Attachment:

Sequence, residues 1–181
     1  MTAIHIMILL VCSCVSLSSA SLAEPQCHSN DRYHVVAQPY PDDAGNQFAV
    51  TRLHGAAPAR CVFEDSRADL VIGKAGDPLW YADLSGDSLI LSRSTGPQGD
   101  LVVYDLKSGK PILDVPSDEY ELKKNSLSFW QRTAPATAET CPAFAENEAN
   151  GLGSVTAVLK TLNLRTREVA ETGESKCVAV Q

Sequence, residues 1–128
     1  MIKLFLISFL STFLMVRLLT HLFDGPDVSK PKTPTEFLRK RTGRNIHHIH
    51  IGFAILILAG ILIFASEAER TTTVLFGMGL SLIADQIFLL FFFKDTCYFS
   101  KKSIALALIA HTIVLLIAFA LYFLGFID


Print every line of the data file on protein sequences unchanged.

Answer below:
Sequence, residues 1–181
     1  MTAIHIMILL VCSCVSLSSA SLAEPQCHSN DRYHVVAQPY PDDAGNQFAV
    51  TRLHGAAPAR CVFEDSRADL VIGKAGDPLW YADLSGDSLI LSRSTGPQGD
   101  LVVYDLKSGK PILDVPSDEY ELKKNSLSFW QRTAPATAET CPAFAENEAN
   151  GLGSVTAVLK TLNLRTREVA ETGESKCVAV Q

Sequence, residues 1–128
     1  MIKLFLISFL STFLMVRLLT HLFDGPDVSK PKTPTEFLRK RTGRNIHHIH
    51  IGFAILILAG ILIFASEAER TTTVLFGMGL SLIADQIFLL FFFKDTCYFS
   101  KKSIALALIA HTIVLLIAFA LYFLGFID